If you asked me right now for my favorite movie of 2014, I’d say Whiplash without hesitation. Writer/director Damien Chazelle’s second feature explores a fierce, frightening clash of wills between music student Andrew Neyman (Miles Teller), who wants to be the best jazz drummer ever, and his teacher, Terence Fletcher (J.K. Simmons), who uses any means necessary – including physical, emotional and psychological abuse – to drive his elite music conservatory students to achieving their goals.
The battle between these two obsessive personalities is perhaps the most fearsome firefight you’ll see on the screen this year – with incendiary performances from both actors – and what’s even more astounding is that a lot of it is taken from Chazelle’s own experiences in his high school jazz band. After his script made Hollywood’s Black List of best unproduced screenplays, Chazelle made a short film based on a portion of it (also starring Simmons) which led to its expansion into a feature. The finished film is the antithesis of the feel-good music school movie: this is art as war.
Den of Geek had the pleasure of sitting down with Chazelle in Los Angeles to talk about the making of Whiplash and its roots in real life.
Den of Geek: This is your story in many ways, so tell me about these experiences in your life and the impact that they had on you.
Damien Chazelle: Yeah. It was that question that sort of kept kind of lingering in my mind of, do the ends justify the means? The end result of my personal story is that I became a really good drummer and I know myself well enough to know that I wouldn’t have without this really tough conductor and this really cutthroat hostile environment I was in. But it was an environment that caused me to learn what it meant to live for four years with non-stop anxiety and non-stop fear. We’d have rehearsals every day at about 2:00 PM, and then sometimes evenings like 9:00 PM. But my body started to adjust to the clock in the sense that at about 10:30 AM I think every day like clockwork I would start to get a little knot in my stomach and it was just kind of build steadily until I’d literally be just a sweating mess by the time 2:00 PM rolled around, and then we’d have an hour long rehearsal, and whether it went well or not I would stagger out of there like I had just been on a bender or something and then it would all start over again the next day.
But the weird thing is I step back and I look at it and realize my life was never in danger. My career wasn’t even in danger. In my case I was in high school. I didn’t even really want to be a jazz drummer before that. So what the hell was I scared of? There’s nothing rational about it. So it’s that kind of mindset, that sort of irrational fear of music that I wanted to plug into, and also the fact that that mindset can and did in my case lead to being really good. I practiced my ass off out of fear. So that’s kind of where the whole project started from and I was just kind of like, “Okay I’m going to write what that was like.” During the writing of it I transposed it to a music school, which only ups the stakes in a way, I think. It certainly took the story in different directions, but it started with that same kind of question.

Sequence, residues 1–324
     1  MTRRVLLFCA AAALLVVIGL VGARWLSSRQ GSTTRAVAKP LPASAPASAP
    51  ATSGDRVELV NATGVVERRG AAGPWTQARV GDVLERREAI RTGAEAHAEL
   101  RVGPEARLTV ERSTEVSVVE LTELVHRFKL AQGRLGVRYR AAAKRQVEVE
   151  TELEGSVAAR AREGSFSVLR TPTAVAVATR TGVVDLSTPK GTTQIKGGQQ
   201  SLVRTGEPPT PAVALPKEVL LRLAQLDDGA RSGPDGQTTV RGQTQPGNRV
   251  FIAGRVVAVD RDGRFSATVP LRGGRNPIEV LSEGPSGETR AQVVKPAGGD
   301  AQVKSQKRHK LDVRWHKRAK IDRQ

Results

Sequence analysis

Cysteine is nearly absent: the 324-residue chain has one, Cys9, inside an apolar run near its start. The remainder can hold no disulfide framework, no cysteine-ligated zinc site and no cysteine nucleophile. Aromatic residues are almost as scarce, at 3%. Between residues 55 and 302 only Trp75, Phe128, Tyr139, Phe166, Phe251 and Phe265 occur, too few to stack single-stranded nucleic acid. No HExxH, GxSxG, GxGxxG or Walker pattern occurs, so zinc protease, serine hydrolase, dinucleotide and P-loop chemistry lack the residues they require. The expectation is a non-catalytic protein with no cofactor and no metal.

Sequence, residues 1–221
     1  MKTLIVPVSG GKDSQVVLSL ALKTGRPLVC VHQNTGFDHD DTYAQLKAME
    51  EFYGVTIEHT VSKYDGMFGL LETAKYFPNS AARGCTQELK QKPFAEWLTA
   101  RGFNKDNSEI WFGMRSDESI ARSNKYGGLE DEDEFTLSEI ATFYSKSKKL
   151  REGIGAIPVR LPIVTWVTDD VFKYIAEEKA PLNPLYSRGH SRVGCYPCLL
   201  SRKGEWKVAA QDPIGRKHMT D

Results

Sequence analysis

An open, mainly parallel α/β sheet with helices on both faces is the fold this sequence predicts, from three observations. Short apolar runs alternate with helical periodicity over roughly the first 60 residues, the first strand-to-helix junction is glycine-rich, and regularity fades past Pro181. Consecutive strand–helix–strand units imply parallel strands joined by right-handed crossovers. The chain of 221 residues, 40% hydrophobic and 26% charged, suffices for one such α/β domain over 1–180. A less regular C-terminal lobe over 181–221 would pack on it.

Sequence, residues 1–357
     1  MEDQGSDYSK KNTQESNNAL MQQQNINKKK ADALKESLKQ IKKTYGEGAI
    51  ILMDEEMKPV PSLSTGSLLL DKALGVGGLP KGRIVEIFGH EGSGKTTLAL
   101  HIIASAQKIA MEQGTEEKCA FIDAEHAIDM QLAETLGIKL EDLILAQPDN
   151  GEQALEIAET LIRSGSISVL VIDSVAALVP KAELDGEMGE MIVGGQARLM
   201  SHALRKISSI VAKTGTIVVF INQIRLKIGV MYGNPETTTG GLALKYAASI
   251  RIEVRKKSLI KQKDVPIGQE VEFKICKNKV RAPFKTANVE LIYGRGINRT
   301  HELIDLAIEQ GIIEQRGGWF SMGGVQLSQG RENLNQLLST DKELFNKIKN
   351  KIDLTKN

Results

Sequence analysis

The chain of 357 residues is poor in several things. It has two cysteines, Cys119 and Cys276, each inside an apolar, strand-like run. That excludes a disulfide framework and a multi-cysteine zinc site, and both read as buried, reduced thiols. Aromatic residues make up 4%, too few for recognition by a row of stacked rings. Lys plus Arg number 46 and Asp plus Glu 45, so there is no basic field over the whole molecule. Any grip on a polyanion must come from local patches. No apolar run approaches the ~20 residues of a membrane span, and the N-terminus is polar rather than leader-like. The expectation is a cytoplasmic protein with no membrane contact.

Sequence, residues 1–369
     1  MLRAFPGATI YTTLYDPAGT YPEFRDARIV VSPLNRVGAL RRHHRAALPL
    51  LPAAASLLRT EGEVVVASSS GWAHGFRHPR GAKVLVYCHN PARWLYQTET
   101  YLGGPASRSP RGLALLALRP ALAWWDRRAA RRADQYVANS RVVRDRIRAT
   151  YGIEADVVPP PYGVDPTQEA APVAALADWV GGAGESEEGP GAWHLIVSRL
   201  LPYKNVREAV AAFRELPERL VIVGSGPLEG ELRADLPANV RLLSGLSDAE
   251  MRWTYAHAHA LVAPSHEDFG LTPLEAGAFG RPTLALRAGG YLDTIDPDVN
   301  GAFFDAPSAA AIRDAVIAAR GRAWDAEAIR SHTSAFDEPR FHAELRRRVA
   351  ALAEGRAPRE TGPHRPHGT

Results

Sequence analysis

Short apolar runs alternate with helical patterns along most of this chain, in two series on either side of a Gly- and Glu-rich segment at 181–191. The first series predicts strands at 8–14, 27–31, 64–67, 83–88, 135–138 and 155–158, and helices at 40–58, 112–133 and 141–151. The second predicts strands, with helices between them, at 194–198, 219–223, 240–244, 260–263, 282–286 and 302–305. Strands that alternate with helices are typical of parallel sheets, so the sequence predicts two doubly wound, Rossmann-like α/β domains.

By making this about people who were college-age students, essentially adults, did you up the level of the abuse too? Because I’m thinking in high school, the things that Fletcher does in the movie would be considered a form of child abuse.
Basically everything that’s not physical in the movie, and I think probably minus some of the colorful language, is what the high school band was like. I think most people going into it would certainly have been quite surprised at how tough it was for a high school band. But it was also important to somehow capture a little bit what that felt like, even for an audience who maybe doesn’t understand that kind of fear or doesn’t understand how that would arise from music. So I wound up doing a lot of — actually I shouldn’t even say research because it was certainly stories I already knew about Buddy Rich and how he would treat his band. A lot of stuff is pulled from that. Harry James, Benny Goodman, Miles Davis, a lot of these sort of very famously tyrannical band leaders/ musicians, even James Brown with his musicians. And then at the same time also like just stories from a lot of my friends who went on to go to music school and went on to stay in music and went onto to be professional jazz musicians. So I had a treasure trove of little anecdotes and stories from them. A lot of it being more physical and more kind of purple language sort of stuff came from that. So the character Fletcher in the movie winds up being this composite of my teacher and then certain other teachers. But I certainly tried to ground everything in something that at least was authentic to jazz or the jazz world.